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Re: Are 1000 scribes too many? was Re: DSS Scribes

>On Thu, 31 Oct 1996, Moshe Shulman wrote:
>> I have a problem understanding the problem. Since these scrolls were written
>> over a period of time, I would expect that there would be many different
>> handwrittings.
>Golb actually gives a specific example of what would be considered a
>reasonable number of scribes. He refers to what I understand to be a
>research by his student of a find of manuscripts in the island of
>Elephantine, upper Egypt, dated to the 5th century, which presumably
>makes it a comparable environment.
>The number of inhabitants of this community is given as "perhaps fifty
>times the estimated number of "sectarians" who have been claimed to live
>at Khirbet Qumran (inner quotations in Golb's text). Nevertheless, they
>relied upon only a dozen or so scribes. And this total served over a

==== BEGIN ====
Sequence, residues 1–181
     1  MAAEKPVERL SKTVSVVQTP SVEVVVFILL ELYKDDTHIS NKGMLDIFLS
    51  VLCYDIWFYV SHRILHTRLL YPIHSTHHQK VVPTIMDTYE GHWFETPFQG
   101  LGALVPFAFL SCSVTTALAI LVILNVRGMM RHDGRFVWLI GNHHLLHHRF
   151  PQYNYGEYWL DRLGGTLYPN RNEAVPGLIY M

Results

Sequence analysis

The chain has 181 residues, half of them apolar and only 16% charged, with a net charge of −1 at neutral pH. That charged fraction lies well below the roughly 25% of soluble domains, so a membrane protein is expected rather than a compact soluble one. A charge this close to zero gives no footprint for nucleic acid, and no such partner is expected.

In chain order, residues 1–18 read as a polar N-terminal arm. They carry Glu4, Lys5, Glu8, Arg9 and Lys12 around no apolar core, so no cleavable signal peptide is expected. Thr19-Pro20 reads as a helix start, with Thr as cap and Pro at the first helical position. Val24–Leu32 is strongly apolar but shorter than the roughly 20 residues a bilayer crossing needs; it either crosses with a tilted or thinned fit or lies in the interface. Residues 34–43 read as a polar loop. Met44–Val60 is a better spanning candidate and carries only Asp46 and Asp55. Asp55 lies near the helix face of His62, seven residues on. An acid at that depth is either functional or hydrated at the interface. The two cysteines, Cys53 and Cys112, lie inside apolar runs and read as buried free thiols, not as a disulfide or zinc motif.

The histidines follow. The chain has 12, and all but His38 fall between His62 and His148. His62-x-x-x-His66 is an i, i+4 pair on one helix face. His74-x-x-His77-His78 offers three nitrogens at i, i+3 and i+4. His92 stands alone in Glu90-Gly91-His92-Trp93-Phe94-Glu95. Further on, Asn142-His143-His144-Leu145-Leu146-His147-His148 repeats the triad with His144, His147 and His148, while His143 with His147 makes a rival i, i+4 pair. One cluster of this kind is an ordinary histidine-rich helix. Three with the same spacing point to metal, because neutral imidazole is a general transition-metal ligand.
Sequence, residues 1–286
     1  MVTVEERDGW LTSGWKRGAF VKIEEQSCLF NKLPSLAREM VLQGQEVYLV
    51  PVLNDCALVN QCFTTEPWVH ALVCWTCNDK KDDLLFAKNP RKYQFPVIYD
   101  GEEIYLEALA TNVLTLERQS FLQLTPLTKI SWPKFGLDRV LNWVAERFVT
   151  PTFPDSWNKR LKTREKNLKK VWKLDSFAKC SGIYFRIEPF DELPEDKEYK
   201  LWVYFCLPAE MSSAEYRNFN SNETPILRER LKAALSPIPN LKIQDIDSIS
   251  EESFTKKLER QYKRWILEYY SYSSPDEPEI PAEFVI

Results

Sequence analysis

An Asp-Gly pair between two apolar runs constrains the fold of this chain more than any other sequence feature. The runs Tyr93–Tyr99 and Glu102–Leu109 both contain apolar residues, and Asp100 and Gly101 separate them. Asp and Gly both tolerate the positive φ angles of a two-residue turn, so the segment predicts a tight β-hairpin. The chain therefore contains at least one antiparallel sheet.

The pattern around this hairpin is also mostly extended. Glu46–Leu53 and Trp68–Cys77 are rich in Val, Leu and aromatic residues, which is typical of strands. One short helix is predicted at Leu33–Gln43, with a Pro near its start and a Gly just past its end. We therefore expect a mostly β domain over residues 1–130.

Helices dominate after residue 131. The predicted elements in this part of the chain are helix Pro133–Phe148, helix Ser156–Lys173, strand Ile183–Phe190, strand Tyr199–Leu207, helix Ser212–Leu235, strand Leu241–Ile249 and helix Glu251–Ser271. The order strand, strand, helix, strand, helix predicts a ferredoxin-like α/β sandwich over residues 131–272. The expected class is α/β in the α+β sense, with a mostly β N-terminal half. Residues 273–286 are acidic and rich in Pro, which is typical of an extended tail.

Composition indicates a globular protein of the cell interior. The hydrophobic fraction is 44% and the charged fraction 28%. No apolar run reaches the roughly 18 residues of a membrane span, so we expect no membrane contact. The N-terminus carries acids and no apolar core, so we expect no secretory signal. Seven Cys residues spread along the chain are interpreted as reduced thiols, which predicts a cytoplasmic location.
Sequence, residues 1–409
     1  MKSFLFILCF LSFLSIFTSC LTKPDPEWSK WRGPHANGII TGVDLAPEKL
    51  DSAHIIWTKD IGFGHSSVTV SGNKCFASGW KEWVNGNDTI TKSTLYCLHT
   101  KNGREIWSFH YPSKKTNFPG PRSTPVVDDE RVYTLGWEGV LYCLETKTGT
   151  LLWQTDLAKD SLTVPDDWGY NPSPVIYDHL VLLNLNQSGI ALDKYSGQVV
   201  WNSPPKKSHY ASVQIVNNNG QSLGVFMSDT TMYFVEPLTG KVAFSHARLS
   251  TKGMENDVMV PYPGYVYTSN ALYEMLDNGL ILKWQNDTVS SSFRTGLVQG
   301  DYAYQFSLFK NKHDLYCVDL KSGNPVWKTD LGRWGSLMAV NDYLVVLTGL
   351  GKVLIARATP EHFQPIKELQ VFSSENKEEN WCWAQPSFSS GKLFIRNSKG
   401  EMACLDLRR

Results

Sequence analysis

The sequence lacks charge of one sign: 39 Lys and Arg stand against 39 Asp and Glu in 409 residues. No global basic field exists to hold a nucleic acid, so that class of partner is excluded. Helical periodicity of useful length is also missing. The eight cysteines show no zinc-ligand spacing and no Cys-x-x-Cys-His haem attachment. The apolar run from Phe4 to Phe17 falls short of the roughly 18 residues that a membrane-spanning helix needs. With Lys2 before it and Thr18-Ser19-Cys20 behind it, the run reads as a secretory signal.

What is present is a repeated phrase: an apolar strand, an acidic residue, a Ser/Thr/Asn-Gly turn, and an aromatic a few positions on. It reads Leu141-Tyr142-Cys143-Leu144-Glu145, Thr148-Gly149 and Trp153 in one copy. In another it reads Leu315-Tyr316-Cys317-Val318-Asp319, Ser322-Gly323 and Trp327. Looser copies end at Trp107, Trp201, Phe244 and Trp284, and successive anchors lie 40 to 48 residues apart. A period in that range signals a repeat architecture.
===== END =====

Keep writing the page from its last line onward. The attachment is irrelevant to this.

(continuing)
>period of three or four generations." [pages 97-8 in the '95 ed. of "Who
>wrote..."] Its hard to do a simple mathematical projection, but if we
>ignore the difference in population and simply multiply the "dozen or so
>in three generations" by 4 (giving a period of 12 generations, = 300
>years) this gives us 48 scribes, a number smaller by far than that which
>can be deduced from the different handwritings of DSS.

The assumption here is that the community of Khirbet Qumran was as static as
Elephantine was. I think the odds of this are small. Whatever the community
was used for, I think we can assume that there was a greater turnover of

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   |        \/ /  \/ /       |     Moshe Shulman       |
   |        / /\__/_/\       | mshulman@ix.netcom.com  |
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